Figure 1. Robotic IVUS-guided complex PCI. A-B) Baseline angiography and (C) IVUS showing a critical calcified lesion (yellow arrow) in the ostium of the LAD, involving the left main stem and proximal LAD. D) A choice of four different automated wire controls (TechnIQ) are available to the operator. E) In addition to the “active” wire (red star), multiple additional wires and devices can be parked in the passive drive (yellow star). F) Integration of intracoronary imaging with the R-PCI system, allowing precise control of the IVUS catheter with real-time visualisation. G) The addition of guide catheter control (red box) represents a key technological development in the second-generation CorPath GRX R-PCI system. H-I) Following successful lesion predilatation, a 4.0×36 mm drug-eluting stent (Supraflex Crux) was implanted, followed by post-dilatation and proximal optimisation, yielding a good final angiographic and (J) IVUS result (Moving image 6, Moving image 7). Final procedure time was 60 minutes, fluoroscopy time 30 minutes, radiation dose 1.67 Gy and contrast volume used was 150 mls. IVUS: intravascular ultrasound; LAD: left anterior descending; R-PCI: robotic-assisted percutaneous coronary interventions
Robotic-assisted percutaneous coronary interventions (R-PCI) represent a new frontier for interventional cardiology (Supplementary Figure 1). In this image, we showcase the key technological developments in the latest-generation robotic CorPath GRX system (Corindus Vascular Robotics, Siemens Healthineers), which facilitated an intravascular ultrasound (IVUS)-guided PCI of a complex left main to the left anterior descending (LAD) artery lesion (Figure 1, Moving image 1, Moving image 2).
Lesion wiring can now be performed with the use of automated wire movements (termed TechnIQ in the CorPath GRX system), which use artificial intelligence technology to replicate common wire manoeuvres performed by operators. In this case, the critically calcified lesion was safely crossed using the “wiggle” feature, and the “spin” feature was used to advance the wire distally (Moving image 3, Moving image 4). Further automations include “rotate on retract” and “constant speed”. The ongoing NAVIGATE-GRX randomised clinical trial (ClinicalTrials.gov: NCT04883008) will compare the safety and effectiveness of using these automated wire controls. Additionally, the “dotter” and “constant speed” automations can be used to assist in the advancement of devices (balloons or stents).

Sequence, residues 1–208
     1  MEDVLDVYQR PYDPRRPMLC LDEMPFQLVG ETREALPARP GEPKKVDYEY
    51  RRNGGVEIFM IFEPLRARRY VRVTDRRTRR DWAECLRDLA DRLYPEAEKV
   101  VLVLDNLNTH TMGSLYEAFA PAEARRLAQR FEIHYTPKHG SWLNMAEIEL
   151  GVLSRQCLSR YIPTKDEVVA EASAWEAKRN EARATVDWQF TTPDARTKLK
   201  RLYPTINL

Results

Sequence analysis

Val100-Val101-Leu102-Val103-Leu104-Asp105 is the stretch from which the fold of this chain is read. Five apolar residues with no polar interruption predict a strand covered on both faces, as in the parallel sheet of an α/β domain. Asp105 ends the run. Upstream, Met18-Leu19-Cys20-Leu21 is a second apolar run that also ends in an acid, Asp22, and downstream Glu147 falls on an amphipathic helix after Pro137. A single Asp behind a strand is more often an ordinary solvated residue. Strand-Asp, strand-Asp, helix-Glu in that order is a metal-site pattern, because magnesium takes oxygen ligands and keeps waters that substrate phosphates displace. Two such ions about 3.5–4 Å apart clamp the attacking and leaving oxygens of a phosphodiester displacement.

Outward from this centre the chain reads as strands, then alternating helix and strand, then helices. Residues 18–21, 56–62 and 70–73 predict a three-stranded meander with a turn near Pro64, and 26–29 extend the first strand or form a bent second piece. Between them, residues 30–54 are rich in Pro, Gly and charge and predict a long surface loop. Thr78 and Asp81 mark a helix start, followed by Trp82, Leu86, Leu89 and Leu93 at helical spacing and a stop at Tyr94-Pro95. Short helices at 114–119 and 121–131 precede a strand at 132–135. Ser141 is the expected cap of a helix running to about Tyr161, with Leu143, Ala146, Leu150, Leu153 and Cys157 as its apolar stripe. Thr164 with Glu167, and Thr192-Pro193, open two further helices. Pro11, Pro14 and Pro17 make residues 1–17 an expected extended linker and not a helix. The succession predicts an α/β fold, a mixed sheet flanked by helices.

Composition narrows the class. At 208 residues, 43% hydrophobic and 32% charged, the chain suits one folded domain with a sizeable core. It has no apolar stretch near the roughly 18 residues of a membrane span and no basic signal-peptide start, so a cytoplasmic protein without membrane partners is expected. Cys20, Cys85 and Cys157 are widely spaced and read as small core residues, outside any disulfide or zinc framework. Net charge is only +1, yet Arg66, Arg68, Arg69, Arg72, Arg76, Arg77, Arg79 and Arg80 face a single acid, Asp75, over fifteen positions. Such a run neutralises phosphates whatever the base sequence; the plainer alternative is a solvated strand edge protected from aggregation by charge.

Precise control of the guiding catheter is now possible, with the ability to advance, retract and rotate the guiding catheter. This allows for multiple adjustment and stabilisation manoeuvres to be performed during balloon/stent delivery and retrieval. In addition, precise control of the guiding catheter-facilitated visualisation of the entire left main stem (LMS) during IVUS pull-back. The integration of IVUS into R-PCI systems means interventionists can now optimally treat more complex lesion subtypes. However, not all IVUS catheters are compatible with the CorPath GRX system. In our case, IVUS was performed robotically using the Eagle Eye Platinum catheter (Philips) (Moving image 5).
These technological improvements in wire manipulation, guide catheter control and IVUS imaging demonstrate how R-PCI systems are evolving to overcome the challenges of contemporary PCI.
Conflict of interest statement
D. Dudek is a speaker for Siemens Healthineers. The other authors have no conficts of interest to declare.